Much of Redknapp’s supposed managerial prowess surrounds his inspired use of the transfer market and encyclopaedic knowledge of players. While the latter can hardly be derided, the wheeling and dealing and constant throughput of new faces which has characterised his career hardly counts as a positive in terms of the national job. The FA may be sufficiently loaded to reward their bosses with the most lavish salaries imaginable but even untold riches wouldn’t allow ‘Arry to go out and buy Lionel Messi for England. He would have to work with what he has, showing an ability to develop young players and outwit opponents with clever and flexible tactics and strategies. Now there may be a shortage of candidates, but are these really the skills most commonly associated with Harry Redknapp? Then there are the contradictions. The talking up of Jermain Defoe as England’s most potent centre forward, for instance. Good soundbite but that would of course be the same Jermain Defoe who often struggles to get a game for Redknapp’s own club side. Of recent England managers I would imagine a Redknapp future to be not unlike the Kevin Keegan era, and we all know how that ended.
All of this is to say nothing of the slightly murkier side of ‘Arry’s past. He spent the day of Fabio Capello’s departure from the England job at Southwark Crown Court being acquitted of two counts of cheating the public revenue. Previously there was the arrest on suspicion of conspiracy to defraud and false accounting, though the charges were later dropped. The Stevens inquiry into football corruption drew attention to the racehorse Double Fantasy, who Redknapp may or may not have been given by the agent Willie McKay. And there was the refusal for a time to speak to the BBC over the Panorama documentary on ‘tapping up’ in which Redknapp appeared to condone illegal approaches to players. None of this seems to have resulted in any lasting damage to his reputation but the climate of suspicion hangs uneasily over his head, as evidenced by the potentially libellous insinuations of opposing fans. Terry Venables’ chaotic business dealings contributed to his departure as England boss, while the far more tactically astute Glenn Hoddle was dumped over frankly bizarre comments which had little to do with football. So the FA has previous on this one. Perceptions do matter. It would be odd if the same due diligence was not applied to ‘Arry.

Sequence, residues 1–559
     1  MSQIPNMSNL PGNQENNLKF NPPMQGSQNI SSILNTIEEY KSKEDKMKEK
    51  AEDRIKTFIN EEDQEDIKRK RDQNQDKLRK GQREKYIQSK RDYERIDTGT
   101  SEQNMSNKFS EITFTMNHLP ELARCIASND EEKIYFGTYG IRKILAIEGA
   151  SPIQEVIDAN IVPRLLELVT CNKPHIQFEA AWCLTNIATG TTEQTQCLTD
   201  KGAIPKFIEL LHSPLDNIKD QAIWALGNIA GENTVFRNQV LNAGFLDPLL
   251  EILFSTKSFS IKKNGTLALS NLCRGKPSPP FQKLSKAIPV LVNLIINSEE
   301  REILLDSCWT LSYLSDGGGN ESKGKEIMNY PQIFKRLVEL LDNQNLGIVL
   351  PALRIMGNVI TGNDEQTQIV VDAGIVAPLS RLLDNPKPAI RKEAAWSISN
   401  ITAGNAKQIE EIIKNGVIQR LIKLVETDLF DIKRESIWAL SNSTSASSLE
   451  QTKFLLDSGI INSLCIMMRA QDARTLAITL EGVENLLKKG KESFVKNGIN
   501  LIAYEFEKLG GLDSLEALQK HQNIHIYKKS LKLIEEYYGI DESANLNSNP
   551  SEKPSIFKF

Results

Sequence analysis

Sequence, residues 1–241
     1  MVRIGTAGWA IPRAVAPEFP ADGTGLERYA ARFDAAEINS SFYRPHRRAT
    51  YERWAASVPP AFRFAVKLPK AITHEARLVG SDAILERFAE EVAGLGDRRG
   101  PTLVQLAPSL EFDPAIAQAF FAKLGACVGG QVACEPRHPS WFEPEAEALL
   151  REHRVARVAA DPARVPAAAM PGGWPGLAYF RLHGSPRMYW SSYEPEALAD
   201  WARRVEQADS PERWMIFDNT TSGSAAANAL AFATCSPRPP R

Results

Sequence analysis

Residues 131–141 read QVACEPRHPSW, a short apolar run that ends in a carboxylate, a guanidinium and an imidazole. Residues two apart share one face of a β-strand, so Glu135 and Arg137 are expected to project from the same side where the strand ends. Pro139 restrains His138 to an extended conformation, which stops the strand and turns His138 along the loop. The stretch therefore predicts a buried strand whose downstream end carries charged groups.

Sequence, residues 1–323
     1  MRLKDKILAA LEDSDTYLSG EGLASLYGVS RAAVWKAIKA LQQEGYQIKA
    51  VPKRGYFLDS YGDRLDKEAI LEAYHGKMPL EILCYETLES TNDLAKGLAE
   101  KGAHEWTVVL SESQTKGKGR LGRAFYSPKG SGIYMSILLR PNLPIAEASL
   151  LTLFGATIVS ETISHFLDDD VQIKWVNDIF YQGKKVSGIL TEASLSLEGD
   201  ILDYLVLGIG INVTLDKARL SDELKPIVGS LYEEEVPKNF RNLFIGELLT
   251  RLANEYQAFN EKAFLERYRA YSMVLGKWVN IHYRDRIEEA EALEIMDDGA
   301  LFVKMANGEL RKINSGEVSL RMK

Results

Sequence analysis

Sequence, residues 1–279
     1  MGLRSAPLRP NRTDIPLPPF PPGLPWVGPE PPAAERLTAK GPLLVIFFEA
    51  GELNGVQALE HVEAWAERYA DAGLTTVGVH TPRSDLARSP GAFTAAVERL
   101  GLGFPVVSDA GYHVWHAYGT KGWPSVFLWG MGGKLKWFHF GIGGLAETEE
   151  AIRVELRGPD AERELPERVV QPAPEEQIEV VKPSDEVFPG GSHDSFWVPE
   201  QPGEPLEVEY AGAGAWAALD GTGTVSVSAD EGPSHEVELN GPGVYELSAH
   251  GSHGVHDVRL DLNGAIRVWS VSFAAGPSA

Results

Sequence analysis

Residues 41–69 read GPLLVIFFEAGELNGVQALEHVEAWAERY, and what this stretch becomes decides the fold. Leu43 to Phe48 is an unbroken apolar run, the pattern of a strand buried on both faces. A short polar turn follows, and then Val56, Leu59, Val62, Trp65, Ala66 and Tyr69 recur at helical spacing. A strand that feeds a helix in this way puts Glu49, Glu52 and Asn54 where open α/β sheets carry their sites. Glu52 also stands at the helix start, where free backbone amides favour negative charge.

The national team is in a mess. Despite the obscene amounts of hard cash swirling around the behemoth that is the Premiership, Team England remains firmly anchored in the Dark Ages. Expectations are low as we head towards Euro 2012. The problems run deep and may take a generation and a major attitudinal change to resolve. If genial old ‘Arry and his breezy demeanour was all we truly needed to turn the situation around, then give him the job tomorrow. So stop for a moment before we saunter over another cliff edge on a whim. ‘Arry for England. It sounds to me a bit like trying to cure a terminal illness with a sticking plaster.